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The AAA Meltdown

THE AAA MELTDOWN....At the heart of the subprime mortgage fiasco is a financial instrument called a Collateralized Debt Obligation, or CDO. A CDO is a collection of bonds that's divided into tranches and then sold to investors. Usually there's a AAA tranche at the top (very safe, very reliable) and a garbage tranche at the bottom (pay your money, take your chances). In the middle is a mezzanine tranche.

It's easy to understand why the garbage tranches have lost all their value: they're garbage. But why are the AAA tranches also losing value? Aren't the underlying securities still safe and reliable? Today, Steven Pearlstein puts in place a piece of the puzzle that I didn't know about before:
The least sought-after tranches were those in the middle, the "mezzanine" tranches, which offered middling yields for supposedly moderate risks.

Stick with me now, because this is where it gets interesting. For it is at this point that the banks got the bright idea of buying up a bunch of mezzanine tranches from various pools. Then, using fancy computer models, they convinced themselves and the rating agencies that by repeating the same "tranching" process, they could use these mezzanine-rated assets to create a new set of securities — some of them junk, some mezzanine, but the bulk of them with the AAA ratings more investors desired.

It was a marvelous piece of financial alchemy, one that made Wall Street banks and the ratings agencies billions of dollars in fees....What we know now, of course, is that the investment banks and ratings agencies underestimated the risk that mortgage defaults would rise so dramatically that even AAA investments could lose their value.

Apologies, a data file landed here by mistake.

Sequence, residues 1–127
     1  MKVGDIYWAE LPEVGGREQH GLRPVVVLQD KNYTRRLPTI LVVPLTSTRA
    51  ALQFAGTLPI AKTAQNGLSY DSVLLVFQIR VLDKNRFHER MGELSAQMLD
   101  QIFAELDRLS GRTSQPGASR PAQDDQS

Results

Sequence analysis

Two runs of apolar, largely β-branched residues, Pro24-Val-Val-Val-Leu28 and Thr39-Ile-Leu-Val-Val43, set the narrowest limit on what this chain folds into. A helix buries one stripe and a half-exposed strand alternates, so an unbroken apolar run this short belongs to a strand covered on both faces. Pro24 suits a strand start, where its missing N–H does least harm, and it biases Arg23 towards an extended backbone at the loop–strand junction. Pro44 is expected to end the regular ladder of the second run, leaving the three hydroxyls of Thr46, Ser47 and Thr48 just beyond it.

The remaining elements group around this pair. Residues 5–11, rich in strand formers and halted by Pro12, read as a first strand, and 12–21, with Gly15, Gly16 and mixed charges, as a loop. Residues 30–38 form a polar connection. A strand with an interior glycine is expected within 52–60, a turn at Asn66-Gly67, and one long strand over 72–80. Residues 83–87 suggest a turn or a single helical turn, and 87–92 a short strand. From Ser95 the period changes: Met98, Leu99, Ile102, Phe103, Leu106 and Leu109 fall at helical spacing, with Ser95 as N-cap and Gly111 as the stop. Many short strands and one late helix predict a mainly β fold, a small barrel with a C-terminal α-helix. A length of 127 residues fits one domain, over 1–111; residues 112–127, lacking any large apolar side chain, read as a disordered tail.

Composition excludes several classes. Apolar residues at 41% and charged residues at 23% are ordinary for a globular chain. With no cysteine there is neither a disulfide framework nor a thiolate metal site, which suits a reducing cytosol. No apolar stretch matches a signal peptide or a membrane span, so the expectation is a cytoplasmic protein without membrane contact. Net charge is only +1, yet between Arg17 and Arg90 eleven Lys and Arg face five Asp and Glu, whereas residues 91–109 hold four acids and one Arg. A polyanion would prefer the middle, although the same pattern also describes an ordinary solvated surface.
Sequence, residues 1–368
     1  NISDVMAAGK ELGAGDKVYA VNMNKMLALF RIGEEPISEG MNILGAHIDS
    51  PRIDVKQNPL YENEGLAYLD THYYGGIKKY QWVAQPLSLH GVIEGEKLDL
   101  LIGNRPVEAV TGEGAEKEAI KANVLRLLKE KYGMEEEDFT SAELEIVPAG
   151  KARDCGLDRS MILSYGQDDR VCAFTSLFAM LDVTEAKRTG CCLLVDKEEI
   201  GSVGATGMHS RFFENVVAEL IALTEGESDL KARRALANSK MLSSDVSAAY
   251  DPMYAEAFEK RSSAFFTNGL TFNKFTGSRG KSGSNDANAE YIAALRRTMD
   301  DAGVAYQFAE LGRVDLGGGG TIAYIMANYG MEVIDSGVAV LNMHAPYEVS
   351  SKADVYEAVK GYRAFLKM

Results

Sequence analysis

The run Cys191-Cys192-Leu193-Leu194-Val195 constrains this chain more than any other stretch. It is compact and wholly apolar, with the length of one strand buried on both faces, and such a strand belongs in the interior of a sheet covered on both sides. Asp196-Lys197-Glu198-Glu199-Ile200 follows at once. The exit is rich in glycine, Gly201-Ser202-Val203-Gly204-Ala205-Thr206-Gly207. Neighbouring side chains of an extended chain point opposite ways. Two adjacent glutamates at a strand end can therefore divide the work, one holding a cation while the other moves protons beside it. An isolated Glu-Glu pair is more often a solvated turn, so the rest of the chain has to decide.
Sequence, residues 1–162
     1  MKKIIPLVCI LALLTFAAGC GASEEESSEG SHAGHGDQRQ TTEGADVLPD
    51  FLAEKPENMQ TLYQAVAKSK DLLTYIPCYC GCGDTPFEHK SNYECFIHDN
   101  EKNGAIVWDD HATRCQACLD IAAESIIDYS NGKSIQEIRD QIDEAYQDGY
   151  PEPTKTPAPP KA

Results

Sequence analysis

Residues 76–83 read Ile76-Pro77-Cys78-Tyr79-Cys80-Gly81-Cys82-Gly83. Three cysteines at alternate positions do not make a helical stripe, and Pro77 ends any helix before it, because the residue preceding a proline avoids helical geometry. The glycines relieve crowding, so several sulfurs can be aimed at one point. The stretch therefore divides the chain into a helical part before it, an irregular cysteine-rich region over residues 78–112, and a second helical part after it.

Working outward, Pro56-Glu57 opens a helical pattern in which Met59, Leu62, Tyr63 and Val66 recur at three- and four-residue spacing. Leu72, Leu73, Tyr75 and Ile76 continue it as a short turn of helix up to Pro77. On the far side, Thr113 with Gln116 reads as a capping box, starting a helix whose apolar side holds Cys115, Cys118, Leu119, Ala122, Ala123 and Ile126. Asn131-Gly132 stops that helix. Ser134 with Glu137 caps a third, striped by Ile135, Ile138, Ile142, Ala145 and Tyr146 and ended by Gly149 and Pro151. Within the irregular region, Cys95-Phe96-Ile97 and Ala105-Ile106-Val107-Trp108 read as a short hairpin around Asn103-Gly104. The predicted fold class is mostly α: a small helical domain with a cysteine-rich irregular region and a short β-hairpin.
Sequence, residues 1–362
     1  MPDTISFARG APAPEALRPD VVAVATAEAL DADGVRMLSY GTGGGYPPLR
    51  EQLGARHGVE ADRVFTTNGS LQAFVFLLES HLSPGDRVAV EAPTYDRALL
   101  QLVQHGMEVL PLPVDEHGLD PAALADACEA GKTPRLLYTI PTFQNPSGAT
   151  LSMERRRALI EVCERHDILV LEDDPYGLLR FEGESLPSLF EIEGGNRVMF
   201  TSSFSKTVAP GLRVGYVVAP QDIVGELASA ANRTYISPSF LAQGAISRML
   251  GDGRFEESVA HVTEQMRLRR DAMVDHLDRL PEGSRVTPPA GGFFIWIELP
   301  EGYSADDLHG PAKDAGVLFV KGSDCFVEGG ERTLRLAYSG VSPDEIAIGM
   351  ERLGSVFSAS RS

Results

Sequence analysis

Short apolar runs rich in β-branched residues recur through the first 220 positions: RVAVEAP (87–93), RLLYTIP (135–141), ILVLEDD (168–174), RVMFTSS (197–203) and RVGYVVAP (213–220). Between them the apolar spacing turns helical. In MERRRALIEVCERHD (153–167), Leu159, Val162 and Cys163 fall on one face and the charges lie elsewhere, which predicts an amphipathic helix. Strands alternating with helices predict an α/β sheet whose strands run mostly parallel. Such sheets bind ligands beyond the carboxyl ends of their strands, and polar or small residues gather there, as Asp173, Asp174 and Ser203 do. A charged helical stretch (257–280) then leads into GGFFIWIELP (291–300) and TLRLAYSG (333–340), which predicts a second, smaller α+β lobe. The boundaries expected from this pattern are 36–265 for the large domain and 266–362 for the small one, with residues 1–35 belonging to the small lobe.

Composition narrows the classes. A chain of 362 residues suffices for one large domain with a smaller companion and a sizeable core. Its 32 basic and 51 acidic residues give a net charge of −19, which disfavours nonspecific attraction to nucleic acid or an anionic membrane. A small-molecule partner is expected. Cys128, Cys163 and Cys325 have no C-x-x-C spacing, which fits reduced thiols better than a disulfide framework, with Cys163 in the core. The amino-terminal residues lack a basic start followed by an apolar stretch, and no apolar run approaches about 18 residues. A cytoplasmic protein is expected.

One analysis, by Eidesis Capital, a fund specializing in CDOs, estimates that, of the CDOs issued during the peak years of 2006 and 2007, investors in all but the AAA tranches will lose all their money, and even those will suffer losses of 6 to 31 percent.
So if this is right, then the reason that even AAA tranches are in such trouble is basically twofold:
  • A lot of the AAA debt isn't really AAA. It's mezzanine debt that the rocket scientists and the rating agencies conned everyone into believing was AAA.

  • The mortgage meltdown is so widespread that even the legitimate AAA stuff is taking a beating.
Put these two things together, and the average AAA tranche is overvalued by, say, 10-20%. Add in the usual Wall Street panic whenever something goes wrong, and buyers are demanding discounts of 20-30% or higher.

There's plenty more worth reading in Pearlstein's column. But here's the unsettling conclusion: "This may not be 1929. But it's a good bet that it's way more serious than the junk bond crisis of 1987, the S&L crisis of 1990 or the bursting of the tech bubble in 2001."